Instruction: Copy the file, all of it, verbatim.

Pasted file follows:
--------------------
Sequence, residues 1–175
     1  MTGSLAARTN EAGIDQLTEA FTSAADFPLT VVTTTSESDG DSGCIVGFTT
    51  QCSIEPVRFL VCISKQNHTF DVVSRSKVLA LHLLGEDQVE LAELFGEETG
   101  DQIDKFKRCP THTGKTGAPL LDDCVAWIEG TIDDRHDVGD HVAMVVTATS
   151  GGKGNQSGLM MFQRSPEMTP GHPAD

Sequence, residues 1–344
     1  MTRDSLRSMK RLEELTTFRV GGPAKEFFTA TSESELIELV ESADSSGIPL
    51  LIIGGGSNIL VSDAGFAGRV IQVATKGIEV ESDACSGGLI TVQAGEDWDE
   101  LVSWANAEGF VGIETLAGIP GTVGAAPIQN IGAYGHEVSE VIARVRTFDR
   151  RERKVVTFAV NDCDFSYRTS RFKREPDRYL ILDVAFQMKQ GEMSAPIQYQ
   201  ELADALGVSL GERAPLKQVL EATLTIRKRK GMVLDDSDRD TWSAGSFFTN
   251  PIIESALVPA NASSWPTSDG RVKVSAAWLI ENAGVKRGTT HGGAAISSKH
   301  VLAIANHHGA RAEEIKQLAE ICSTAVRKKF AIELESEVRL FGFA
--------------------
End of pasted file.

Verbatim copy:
Sequence, residues 1–175
     1  MTGSLAARTN EAGIDQLTEA FTSAADFPLT VVTTTSESDG DSGCIVGFTT
    51  QCSIEPVRFL VCISKQNHTF DVVSRSKVLA LHLLGEDQVE LAELFGEETG
   101  DQIDKFKRCP THTGKTGAPL LDDCVAWIEG TIDDRHDVGD HVAMVVTATS
   151  GGKGNQSGLM MFQRSPEMTP GHPAD

Sequence, residues 1–344
     1  MTRDSLRSMK RLEELTTFRV GGPAKEFFTA TSESELIELV ESADSSGIPL
    51  LIIGGGSNIL VSDAGFAGRV IQVATKGIEV ESDACSGGLI TVQAGEDWDE
   101  LVSWANAEGF VGIETLAGIP GTVGAAPIQN IGAYGHEVSE VIARVRTFDR
   151  RERKVVTFAV NDCDFSYRTS RFKREPDRYL ILDVAFQMKQ GEMSAPIQYQ
   201  ELADALGVSL GERAPLKQVL EATLTIRKRK GMVLDDSDRD TWSAGSFFTN
   251  PIIESALVPA NASSWPTSDG RVKVSAAWLI ENAGVKRGTT HGGAAISSKH
   301  VLAIANHHGA RAEEIKQLAE ICSTAVRKKF AIELESEVRL FGFA